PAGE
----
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    Story Highlights

    • As Jamaica prepares for the Zika virus (ZikV), Director of Health Promotion and Protection in the Ministry of Health, Dr. Sonia Copeland, is urging people living with non-communicable diseases (NCDs) to be particularly vigilant.
    • Dr. Copeland stressed that sustained interventions with respect to NCDs is important and lauded the HFJ for its dedication to public education.
    • Throughout Heart Month, the HFJ will be hosting mobile screenings for heart disease, plaza promotions, a medical symposium, outside broadcasts and a ‘Run for Your Heart’ event.

    As Jamaica prepares for the Zika virus (ZikV), Director of Health Promotion and Protection in the Ministry of Health, Dr. Sonia Copeland, is urging people living with non-communicable diseases (NCDs) to be particularly vigilant.

    Dr. Copeland pointed out that persons with NCDs, such as hypertension, obesity, cardiovascular diseases, chronic respiratory diseases and cancers, are at higher risk for complications and severe symptoms from ZikV.

    Dr. Copeland was speaking on behalf of Portfolio Minister, Hon. Horace Dalley, at the launch of the Heart Foundation of Jamaica’s (HFJ) Heart Month on Tuesday

    (January 26), at the Spanish Court Hotel, New Kingston.

    Heart Month is being observed in February under the theme: ‘Obesity, A Weighty Matter’.

    Dr. Copeland noted that this year’s observance is timely, as it “comes at a time when particular focus needs to be placed on the importance of observing a healthy lifestyle, as a result of the advancing threat of the Zika virus.”

    She welcomed the focus on obesity, and pointed to the need for increased emphasis on childhood obesity which, she said, is as urgent as adulthood obesity.

    Citing the 2014-2019 Regional Plan of Action for Promoting Healthy Weights in the Caribbean, developed by the Caribbean Public Agency, Dr. Copeland said that at least one in five children are carrying unhealthy weight and are at risk of developing NCDs later in life.

    “These are very worrying indicators of their future health that we will eventually have to face if we do not take action now. We know that childhood obesity will most likely persist into adult obesity which leads to the NCDs,” she said.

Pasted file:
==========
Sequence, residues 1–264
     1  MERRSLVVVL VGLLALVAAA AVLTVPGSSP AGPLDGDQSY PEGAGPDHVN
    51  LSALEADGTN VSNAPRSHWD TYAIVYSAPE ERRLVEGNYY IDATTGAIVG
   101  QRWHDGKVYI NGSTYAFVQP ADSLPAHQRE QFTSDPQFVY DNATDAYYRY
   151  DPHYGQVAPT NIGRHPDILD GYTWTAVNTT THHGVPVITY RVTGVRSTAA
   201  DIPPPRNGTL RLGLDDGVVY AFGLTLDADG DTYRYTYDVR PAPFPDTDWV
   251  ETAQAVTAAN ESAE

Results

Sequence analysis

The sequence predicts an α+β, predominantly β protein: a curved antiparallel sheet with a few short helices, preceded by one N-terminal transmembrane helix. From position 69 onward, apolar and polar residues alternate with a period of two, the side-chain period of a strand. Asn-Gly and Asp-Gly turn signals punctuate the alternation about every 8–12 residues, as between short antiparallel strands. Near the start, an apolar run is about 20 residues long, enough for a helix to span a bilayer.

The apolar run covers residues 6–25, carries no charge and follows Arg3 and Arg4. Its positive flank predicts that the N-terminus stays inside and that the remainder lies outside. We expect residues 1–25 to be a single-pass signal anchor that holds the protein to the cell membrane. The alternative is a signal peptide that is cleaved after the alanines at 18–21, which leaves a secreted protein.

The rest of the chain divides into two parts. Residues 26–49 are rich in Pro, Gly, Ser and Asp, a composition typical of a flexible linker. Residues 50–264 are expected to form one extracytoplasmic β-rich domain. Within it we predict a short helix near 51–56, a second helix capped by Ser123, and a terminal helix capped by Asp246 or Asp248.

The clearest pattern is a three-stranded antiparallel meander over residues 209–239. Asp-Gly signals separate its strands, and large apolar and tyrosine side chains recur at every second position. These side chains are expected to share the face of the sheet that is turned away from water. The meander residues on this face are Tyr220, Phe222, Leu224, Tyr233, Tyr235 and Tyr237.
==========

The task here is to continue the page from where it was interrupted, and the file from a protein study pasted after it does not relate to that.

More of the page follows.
Dr. Copeland stressed that sustained interventions with respect to NCDs is important and lauded the HFJ for its dedication to public education.

    Chair of the HFJ and Consultant Cardiologist, Dr. Andrene Chung, said the theme emphasises the importance of sensitising Jamaicans about the health risks associated with obesity.

    “It really is important for us to consider obesity and overweight because it has an important role to play in the risk for cardiovascular diseases,” she said.

    Dr. Chung said research indicates that in Jamaica, there are increasing levels of obesity and decreasing levels of physical activity.

    She said the Jamaica Health and Lifestyle Survey (2007-2008) showed that 65 per cent of women and 38 per cent of men were considered to be overweight. The level of low physical activity was 16 per cent in men and 43 per cent in women.

    In the Caribbean, five times as many people die from NCDs than from all other illnesses combined and the four leading causes of death in the region, according to a 2000 study, were heart disease, cancer, stroke and diabetes.

    Dr. Chung stresses that these illnesses are caused by unhealthy eating habits, lack of physical activity, obesity, excessive tobacco and alcohol use and inadequate utilisation of preventative health services.

    Throughout Heart Month, the HFJ will be hosting mobile screenings for heart disease, plaza promotions, a medical symposium, outside broadcasts and a ‘Run for Your Heart’ event.

    There will also be a public education campaign to provide information on NCDs and promote healthy lifestyle choices.